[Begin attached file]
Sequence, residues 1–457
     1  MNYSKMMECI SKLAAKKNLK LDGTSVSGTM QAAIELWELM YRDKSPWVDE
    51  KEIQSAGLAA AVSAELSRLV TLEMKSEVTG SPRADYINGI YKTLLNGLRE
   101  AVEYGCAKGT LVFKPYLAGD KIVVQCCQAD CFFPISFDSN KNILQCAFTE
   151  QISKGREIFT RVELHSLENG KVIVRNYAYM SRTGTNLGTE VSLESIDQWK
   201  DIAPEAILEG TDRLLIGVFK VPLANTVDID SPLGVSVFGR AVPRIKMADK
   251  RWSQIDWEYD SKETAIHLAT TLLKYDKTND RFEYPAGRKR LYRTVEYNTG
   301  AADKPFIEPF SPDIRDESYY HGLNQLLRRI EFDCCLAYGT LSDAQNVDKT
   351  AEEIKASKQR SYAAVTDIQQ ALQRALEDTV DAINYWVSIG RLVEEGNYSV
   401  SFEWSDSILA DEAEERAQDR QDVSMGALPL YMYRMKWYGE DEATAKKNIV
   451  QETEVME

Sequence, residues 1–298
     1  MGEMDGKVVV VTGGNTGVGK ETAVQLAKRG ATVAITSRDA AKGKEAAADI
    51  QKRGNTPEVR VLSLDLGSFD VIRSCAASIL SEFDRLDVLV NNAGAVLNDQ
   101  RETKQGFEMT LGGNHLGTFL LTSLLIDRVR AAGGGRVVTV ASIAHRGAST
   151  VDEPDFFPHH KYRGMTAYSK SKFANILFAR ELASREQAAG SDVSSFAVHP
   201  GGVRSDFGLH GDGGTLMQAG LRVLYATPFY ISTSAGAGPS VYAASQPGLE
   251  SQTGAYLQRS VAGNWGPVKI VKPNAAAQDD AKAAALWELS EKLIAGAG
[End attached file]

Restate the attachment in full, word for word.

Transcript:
Sequence, residues 1–457
     1  MNYSKMMECI SKLAAKKNLK LDGTSVSGTM QAAIELWELM YRDKSPWVDE
    51  KEIQSAGLAA AVSAELSRLV TLEMKSEVTG SPRADYINGI YKTLLNGLRE
   101  AVEYGCAKGT LVFKPYLAGD KIVVQCCQAD CFFPISFDSN KNILQCAFTE
   151  QISKGREIFT RVELHSLENG KVIVRNYAYM SRTGTNLGTE VSLESIDQWK
   201  DIAPEAILEG TDRLLIGVFK VPLANTVDID SPLGVSVFGR AVPRIKMADK
   251  RWSQIDWEYD SKETAIHLAT TLLKYDKTND RFEYPAGRKR LYRTVEYNTG
   301  AADKPFIEPF SPDIRDESYY HGLNQLLRRI EFDCCLAYGT LSDAQNVDKT
   351  AEEIKASKQR SYAAVTDIQQ ALQRALEDTV DAINYWVSIG RLVEEGNYSV
   401  SFEWSDSILA DEAEERAQDR QDVSMGALPL YMYRMKWYGE DEATAKKNIV
   451  QETEVME

Sequence, residues 1–298
     1  MGEMDGKVVV VTGGNTGVGK ETAVQLAKRG ATVAITSRDA AKGKEAAADI
    51  QKRGNTPEVR VLSLDLGSFD VIRSCAASIL SEFDRLDVLV NNAGAVLNDQ
   101  RETKQGFEMT LGGNHLGTFL LTSLLIDRVR AAGGGRVVTV ASIAHRGAST
   151  VDEPDFFPHH KYRGMTAYSK SKFANILFAR ELASREQAAG SDVSSFAVHP
   201  GGVRSDFGLH GDGGTLMQAG LRVLYATPFY ISTSAGAGPS VYAASQPGLE
   251  SQTGAYLQRS VAGNWGPVKI VKPNAAAQDD AKAAALWELS EKLIAGAG